Black men and women saw Reconstruction as the God-sent opportunity to correct the damage done by slavery. They sought to acquire rights and privileges heretofore denied them. They took surnames, held weddings to legitimize unions made under slave conditions, built their own cabins and established black churches with black pastors. They sought to live in separate black communities supported by black fraternal organizations such as the Nashville Colored Benevolent Society and the Sons of Ham. They looked for economic independence with the freedom to change jobs and negotiate wages. Education was cherished by some as essential for equality.

President Lincoln had advocated reconciliation, and President Johnson tended to pursue the same policy, but radical Republicans in Congress wanted stricter measures, and the state legislature complied by trying to restrict the right to vote for those who had rebelled. On the other hand, Southerners who had taken an oath of allegiance to the Union after the war saw no reason for discrimination.

A political cartoon of Andrew Johnson and Abraham Lincoln, 1865, entitled "The Rail Splitter At Work Repairing the Union." The caption reads (Johnson): Take it quietly Uncle Abe and I will draw it closer than ever. (Lincoln): A few more stitches Andy and the good old Union will be mended.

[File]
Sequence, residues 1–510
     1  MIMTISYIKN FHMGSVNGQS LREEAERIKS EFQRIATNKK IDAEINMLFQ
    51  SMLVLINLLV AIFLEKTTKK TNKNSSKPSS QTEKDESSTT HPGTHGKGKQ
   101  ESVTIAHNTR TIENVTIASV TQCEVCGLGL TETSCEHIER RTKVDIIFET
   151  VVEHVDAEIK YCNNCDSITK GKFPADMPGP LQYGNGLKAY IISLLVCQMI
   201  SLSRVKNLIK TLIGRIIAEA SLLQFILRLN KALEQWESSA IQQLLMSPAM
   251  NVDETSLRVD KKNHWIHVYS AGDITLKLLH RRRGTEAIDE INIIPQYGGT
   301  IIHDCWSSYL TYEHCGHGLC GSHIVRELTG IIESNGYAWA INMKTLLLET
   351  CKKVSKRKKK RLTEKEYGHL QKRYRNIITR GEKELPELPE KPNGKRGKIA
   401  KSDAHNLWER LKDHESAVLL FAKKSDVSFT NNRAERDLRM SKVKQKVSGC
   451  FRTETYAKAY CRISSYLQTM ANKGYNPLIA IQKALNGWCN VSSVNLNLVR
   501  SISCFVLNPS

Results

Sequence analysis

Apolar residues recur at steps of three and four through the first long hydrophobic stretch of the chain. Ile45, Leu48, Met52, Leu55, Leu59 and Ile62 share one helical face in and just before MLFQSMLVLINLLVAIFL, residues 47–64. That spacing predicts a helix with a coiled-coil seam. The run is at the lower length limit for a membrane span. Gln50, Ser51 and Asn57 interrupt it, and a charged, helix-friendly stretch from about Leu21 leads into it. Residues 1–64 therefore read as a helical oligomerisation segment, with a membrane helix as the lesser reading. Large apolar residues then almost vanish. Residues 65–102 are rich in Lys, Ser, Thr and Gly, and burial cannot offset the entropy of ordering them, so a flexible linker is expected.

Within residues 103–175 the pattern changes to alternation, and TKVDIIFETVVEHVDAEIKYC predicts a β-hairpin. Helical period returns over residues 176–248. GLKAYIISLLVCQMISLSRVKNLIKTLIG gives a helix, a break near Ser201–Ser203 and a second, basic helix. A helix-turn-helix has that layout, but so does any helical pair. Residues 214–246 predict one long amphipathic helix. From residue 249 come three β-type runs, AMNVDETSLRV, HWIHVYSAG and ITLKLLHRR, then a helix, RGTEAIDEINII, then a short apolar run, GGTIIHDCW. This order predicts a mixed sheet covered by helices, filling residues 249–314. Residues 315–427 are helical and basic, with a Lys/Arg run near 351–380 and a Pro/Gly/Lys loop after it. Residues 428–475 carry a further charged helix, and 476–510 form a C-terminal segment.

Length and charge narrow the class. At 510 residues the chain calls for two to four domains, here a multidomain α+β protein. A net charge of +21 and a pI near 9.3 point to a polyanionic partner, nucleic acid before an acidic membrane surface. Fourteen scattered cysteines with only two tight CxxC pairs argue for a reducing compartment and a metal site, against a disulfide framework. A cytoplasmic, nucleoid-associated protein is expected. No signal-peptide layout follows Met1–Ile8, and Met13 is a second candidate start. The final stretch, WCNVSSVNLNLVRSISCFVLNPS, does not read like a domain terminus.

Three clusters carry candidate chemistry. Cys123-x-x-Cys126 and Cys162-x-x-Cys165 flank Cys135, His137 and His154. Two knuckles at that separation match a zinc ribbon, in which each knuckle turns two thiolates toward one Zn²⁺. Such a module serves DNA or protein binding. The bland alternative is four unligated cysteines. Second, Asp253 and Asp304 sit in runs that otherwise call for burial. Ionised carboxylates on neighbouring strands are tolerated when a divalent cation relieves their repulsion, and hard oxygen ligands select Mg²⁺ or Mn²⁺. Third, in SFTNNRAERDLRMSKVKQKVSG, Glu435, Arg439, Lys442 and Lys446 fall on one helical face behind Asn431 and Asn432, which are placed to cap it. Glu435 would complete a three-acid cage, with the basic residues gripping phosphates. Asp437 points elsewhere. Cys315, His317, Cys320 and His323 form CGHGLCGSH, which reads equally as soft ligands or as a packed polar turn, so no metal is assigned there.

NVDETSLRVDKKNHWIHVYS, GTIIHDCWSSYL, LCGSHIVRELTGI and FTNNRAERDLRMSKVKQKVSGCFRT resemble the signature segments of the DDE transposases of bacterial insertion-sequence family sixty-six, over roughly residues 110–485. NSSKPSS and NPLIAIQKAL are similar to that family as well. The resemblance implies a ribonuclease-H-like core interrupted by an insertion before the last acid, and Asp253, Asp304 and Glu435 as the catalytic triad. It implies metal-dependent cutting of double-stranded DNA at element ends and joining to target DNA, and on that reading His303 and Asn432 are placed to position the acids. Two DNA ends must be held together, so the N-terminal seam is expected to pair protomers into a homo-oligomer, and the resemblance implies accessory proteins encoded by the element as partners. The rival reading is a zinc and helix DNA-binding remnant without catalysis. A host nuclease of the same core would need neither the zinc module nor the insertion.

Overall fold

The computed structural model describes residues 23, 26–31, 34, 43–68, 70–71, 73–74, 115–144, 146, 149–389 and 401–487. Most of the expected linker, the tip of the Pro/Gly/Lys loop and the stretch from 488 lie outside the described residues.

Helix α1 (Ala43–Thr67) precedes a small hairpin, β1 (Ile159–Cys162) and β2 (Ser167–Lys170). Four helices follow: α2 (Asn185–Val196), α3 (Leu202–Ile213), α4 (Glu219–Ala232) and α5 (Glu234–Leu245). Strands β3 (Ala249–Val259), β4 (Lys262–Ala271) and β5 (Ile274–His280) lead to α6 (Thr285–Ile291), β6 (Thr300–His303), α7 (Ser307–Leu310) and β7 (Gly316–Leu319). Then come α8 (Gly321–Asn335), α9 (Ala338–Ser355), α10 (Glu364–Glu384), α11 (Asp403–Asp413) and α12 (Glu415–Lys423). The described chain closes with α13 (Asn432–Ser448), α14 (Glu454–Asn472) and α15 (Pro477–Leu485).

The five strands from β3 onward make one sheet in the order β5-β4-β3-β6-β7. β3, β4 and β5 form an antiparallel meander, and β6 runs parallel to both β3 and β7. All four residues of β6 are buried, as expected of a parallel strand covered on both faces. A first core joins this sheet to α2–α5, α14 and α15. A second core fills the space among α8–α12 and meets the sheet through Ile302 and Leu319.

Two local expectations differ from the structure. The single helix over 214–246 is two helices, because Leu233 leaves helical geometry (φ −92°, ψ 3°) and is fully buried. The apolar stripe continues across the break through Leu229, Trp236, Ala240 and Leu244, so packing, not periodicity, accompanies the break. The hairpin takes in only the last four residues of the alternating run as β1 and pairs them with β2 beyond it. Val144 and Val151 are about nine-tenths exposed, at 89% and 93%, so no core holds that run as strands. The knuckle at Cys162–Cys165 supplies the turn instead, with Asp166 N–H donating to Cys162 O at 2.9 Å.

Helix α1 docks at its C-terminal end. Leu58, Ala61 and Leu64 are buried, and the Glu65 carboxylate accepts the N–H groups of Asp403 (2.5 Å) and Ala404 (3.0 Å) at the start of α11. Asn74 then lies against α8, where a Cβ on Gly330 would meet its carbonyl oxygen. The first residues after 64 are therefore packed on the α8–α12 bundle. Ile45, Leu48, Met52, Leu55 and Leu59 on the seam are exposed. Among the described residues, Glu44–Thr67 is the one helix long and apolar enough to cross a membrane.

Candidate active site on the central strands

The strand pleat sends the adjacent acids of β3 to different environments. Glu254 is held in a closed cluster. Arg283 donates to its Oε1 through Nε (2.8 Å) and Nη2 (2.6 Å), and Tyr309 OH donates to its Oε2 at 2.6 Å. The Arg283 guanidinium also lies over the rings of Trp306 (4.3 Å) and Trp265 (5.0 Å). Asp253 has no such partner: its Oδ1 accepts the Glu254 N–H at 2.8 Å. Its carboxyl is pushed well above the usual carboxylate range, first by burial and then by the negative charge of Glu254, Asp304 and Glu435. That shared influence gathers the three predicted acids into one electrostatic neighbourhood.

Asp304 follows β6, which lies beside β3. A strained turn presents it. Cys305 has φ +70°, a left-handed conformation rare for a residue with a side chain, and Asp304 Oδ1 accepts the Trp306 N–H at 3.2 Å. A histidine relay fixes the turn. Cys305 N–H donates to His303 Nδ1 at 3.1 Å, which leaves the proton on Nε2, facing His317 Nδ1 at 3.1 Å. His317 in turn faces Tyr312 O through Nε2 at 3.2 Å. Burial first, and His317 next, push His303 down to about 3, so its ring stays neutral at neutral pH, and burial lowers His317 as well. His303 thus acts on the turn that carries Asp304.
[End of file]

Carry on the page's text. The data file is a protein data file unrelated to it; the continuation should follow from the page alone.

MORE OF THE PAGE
Ultimately, white Southerners did regain control and brought back discrimination against blacks. White Southerners managed to construct a one-party, Democratic, solid South that endured for decades—the “Jim Crow South.”

But Reconstruction of the defeated South was not the only important development going on in the country after the Civil War. The Granger movement began in Washington, D.C. This was a fraternal society that aimed to counter hard times, high railroad shipping rates and tight money. It took root in Minnesota but later spread across the country to other agricultural regions including Tennessee. It marked the beginning of an aggressive and self-conscious effort by the nation’s farmers to define their problems in economic terms and to address those problems through economic and political action. The National Woman Suffrage Association called for a Constitutional Amendment in 1869, to allow women to vote. This idea was to have a powerful influence in later years across the nation, including Tennessee. Vanderbilt University was founded in 1873, and in 1876, Nashville’s Meharry Medical College opened its doors. This was the first medical school in the South for blacks. Fisk University had opened its doors earlier, in 1866, primarily for freed slaves.

Reconstruction ended in 1877, when federal troops ceased occupation of the former Confederate States.

Bergeron, Paul H., Stephen V. Ash and Jeanette Keith. Tennesseans and Their History. Knoxville: The University of Tennessee. 2007.

Kennedy, Francis H. ed. The Civil War Battlefield Guide. Sponsored by The Conservation Fund. Boston, MA: Houghton Miflin Co. 1991.

Van West, Carroll, Ed.-in-Chief. The Tennessee Encyclopedia of History and Culture. Nashville: Tennessee Historical Society, Rutledge Hill Press. 1998.

Winn, Thomas Howard. “Time-Line – 1780-1984 – U.S. – Tennessee – Clarksville-Montgomery County.” (Austin Peay State University, Working Document. 1984.